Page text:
12/12 Update - A (Completely Random) Check-in From Houston, Day 1

After several days of trying to get Jamie to Houston, we were finally able to do so yesterday evening. She and her mother left Seton at 5:00 pm yesterday afternoon -- Of course, this was planned in advance, in order to ensure that Jamie's drive take as long as possible; they narrowly missed flying in Texas' first November snow storm in years, also planned with the intention of making the trip as painful as possible).

... wait, its December... ugh...

So, they arrived in one piece and we got Jamie's room all nice and set up. We were planning on meeting Jamie's supervising doctor at 9 instead of 7, since he had a surgery pop up at the last minute. So, at 10:10 or so last night, Jamie's doctor came and introduced himself to us all. He seemed very interested in learning as much as he could about the illness and its history. He mentioned a trio of treatments that he wanted to try, including the hyperbaric chamber, nitroglycerin paste and an oral pill designed to increase blood flow to her extremities (a.k.a., Viagra). He assured us that time is our friend in this case, and that short of a condition known as Wet Gangrene, we won't need to worry about cutting or surgery any time soon. In fact, his recommended treatment regimen includes 30 to 50 turns in the hyperbaric chamber... for 120 minutes each! (I had thought we'd go for 30 minutes, for a few times a week).

... Seriously, if I hear one more freaking Christmas carol, I'm going to freak out. If I'm having a problem listening to the current Jackson 5 version of Christmas carols, then I'm already about spent...

As for the level of care we're getting here, I think its all a matter of perspective. I mean, we're not getting the same type of care that we were getting at Seton by the time we left the Seton's ICU. Of course, (a) we've only been here for about 19 hours, (b) seen only two nurses and (c) everybody/everything that happens on a daily basis has only happened once. Add to that the facts that (1) mom has been in we're-about-to-leave-the-hospital-at-any-moment-so-always-be-ready-to-leave mode for three straight days and (2) mom hasn't left the hospital since Jamie got into Intermediate Care... ... (clearly, I'm a bit brain-dead too)... so, yeah, we're too exhausted to appropriately judge Jamie's care, but also, they just MET Jamie, so we can't expect them to attend to her like they did for Jamie at Seton.... at least, not immediately. And, for the record, the care at SJ is wayyyy better than the Intermediate Care at Seton... just not at the Seton ICU level yet.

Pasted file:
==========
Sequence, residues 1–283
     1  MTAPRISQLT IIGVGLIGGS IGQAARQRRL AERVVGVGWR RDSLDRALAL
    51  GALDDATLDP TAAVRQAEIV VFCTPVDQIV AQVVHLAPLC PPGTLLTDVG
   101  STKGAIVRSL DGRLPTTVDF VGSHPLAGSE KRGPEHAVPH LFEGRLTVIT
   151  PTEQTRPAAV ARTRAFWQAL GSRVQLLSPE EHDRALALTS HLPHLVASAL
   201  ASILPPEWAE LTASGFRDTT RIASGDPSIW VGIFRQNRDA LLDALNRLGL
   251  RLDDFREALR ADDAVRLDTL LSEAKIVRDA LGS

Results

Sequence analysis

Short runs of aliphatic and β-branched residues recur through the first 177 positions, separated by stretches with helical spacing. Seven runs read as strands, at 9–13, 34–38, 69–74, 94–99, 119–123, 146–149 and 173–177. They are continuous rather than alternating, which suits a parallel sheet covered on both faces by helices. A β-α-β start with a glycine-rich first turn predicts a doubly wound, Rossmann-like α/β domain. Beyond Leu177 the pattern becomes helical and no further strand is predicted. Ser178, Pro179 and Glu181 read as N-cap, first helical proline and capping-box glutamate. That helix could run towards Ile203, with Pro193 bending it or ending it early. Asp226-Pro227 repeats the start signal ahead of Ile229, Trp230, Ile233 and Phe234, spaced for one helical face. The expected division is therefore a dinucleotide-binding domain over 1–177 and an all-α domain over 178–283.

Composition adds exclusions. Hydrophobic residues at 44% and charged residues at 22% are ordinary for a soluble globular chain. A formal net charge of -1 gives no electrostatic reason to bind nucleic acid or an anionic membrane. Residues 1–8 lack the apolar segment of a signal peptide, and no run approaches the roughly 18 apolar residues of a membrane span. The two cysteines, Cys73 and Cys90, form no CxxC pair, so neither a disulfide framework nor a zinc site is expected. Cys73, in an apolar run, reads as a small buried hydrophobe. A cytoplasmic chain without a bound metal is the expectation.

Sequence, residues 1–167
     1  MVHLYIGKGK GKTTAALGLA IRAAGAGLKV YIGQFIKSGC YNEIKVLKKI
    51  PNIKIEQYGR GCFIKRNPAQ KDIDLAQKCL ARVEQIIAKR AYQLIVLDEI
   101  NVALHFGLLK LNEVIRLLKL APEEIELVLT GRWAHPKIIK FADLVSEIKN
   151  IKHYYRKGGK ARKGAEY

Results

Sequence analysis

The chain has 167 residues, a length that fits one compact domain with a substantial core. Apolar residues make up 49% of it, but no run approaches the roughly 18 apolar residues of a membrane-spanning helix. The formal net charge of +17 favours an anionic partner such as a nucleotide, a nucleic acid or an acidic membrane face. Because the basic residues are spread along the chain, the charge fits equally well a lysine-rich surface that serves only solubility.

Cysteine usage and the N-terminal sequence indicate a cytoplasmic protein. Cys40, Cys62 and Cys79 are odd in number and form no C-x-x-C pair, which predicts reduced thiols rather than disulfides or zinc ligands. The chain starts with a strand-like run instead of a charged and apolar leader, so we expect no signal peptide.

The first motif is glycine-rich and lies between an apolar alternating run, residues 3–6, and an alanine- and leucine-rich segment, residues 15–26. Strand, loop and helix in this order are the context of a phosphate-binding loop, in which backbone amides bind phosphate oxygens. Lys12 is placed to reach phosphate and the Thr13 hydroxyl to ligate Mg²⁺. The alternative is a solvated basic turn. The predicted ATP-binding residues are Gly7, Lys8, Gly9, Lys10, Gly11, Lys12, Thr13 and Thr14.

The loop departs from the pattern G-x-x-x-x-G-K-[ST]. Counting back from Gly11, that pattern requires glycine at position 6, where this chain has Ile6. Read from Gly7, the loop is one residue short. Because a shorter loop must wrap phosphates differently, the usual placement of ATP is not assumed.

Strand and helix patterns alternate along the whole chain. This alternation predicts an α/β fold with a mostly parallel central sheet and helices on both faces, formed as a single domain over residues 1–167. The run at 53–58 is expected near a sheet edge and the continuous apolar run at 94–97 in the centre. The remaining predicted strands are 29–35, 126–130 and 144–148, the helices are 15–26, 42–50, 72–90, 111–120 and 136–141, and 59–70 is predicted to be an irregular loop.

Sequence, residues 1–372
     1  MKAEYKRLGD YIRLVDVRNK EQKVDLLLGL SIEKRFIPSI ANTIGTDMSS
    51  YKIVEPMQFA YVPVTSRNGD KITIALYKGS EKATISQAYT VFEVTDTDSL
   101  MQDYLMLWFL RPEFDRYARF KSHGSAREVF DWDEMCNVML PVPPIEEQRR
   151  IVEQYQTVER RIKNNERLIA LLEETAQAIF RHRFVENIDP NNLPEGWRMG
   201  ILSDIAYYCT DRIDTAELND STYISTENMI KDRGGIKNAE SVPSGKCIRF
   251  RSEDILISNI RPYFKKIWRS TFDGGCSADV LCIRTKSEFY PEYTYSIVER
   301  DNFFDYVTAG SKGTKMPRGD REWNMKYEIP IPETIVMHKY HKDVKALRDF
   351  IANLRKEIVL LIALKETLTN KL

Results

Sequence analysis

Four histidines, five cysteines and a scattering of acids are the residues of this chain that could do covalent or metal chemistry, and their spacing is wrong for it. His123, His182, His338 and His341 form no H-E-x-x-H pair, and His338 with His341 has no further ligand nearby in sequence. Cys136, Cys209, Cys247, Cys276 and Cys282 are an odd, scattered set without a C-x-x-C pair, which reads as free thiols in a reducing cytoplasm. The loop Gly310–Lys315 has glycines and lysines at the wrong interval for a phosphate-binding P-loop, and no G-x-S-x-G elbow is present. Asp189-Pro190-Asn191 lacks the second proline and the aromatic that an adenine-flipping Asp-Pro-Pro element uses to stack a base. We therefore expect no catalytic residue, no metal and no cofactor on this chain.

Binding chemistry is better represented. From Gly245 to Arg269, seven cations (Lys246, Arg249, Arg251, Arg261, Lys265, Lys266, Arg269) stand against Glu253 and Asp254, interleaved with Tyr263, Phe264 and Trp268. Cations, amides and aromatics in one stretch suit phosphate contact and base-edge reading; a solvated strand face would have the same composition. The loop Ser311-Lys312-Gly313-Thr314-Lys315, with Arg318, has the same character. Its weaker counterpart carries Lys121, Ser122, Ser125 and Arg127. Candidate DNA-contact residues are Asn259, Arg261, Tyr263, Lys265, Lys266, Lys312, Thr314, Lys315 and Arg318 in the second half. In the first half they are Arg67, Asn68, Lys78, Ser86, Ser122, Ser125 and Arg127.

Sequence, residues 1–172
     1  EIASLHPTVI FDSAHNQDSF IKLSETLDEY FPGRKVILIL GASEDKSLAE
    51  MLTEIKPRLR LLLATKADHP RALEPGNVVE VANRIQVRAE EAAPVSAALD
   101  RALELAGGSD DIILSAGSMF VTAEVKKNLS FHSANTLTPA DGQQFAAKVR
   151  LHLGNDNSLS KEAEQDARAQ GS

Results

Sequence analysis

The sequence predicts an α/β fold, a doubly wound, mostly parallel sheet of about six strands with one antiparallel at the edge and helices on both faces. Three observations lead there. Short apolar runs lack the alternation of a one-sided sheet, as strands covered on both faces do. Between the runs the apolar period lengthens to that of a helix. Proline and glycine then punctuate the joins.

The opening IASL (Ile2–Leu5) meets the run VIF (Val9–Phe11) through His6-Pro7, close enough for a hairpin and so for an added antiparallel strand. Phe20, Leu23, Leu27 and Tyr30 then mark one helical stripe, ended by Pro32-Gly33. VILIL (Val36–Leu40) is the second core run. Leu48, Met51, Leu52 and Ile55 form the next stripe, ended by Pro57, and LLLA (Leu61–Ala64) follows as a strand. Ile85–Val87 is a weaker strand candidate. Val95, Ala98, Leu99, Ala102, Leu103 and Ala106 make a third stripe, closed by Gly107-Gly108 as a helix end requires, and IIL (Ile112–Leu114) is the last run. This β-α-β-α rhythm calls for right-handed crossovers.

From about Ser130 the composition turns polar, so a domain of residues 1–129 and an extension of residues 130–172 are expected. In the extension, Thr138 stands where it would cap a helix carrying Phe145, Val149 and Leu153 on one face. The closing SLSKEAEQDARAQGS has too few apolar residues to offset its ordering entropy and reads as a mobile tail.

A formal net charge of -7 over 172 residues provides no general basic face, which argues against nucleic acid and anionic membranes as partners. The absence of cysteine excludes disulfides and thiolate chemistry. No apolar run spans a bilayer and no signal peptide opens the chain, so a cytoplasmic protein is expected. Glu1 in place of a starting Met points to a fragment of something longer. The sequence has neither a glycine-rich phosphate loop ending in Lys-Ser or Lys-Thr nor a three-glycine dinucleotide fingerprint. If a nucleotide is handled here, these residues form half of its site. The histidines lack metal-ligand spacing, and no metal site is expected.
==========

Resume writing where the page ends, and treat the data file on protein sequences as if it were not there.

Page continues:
My opinion is that our family and the nurses/staff will grow into a functional routine that works for everyone. I'm not even remotely worried about there being a drop off in care for Jamie. Differences between this place and Seton are many. Some are good (Jamie's air mattress is better and there is a Starbucks downstairs) and others aren't (2 patients per nurse? Bullshit. 1 TV in the waiting room? Super Bullshit).

Onto the stuff that matters. Jamie's numbers are still looking good. We've got the specter of infection looming over our heads, so her slight fever and elevated WBC count are concerning, but her cultures continue to show no infection. The gross, blistery, cracked skin condition that is going on

[... UGH, you people are almost sitting right next to each other! Stop talking to each other so loud!!! IN SPANISH!!!...]

anyway, the

[... AHHHH SHUT UP!!! I think they're mad because I'm occupying the 1 TV (watching the Chronicles of Narnia) so they can't watch their Novellas tonight....]

So, yeah, that condition is working its way down her legs and is almost at her ankles. I'm not entirely convinced that we can save her feet, but it may be looking better and her hands are still wrapped in the same bandages that she wore to prepare her for travel... very protective, not too comfortable. She's getting a new catheter put in today (other's been there since day 1).

Gosh, I can't think of too much else to put into this update... the flight, the new doctor, the hyperbaric chamber... oh right, what the hell have been talking about anyway?

Hyperbaric Chamber - So, Jamie had our first of many, many (many) hyperbaric chamber treatments today. It went well, except for the temperature of the chamber, which was, unfortunately, normal... we were told that they run a bit cold, so we wrapped her in blankets and stabilized her hands... so she got hot, sweaty and sort of panicky. She was expected to be in the chamber for 120 minutes, and stayed in for 80 minutes. Not too bad, but I hope Jamie handles these treatments better in the future. Once her friends are here to wave at her and talk with her through the glass, she'll probably feel better about it. Still, our doc thinks this is one of our best shots to stop the dying tissue from ... well, dying.

I don't feel like proof reading this rambling post, so I apologize in advance for the parts that don't make sense. Hope to talk to you all soon.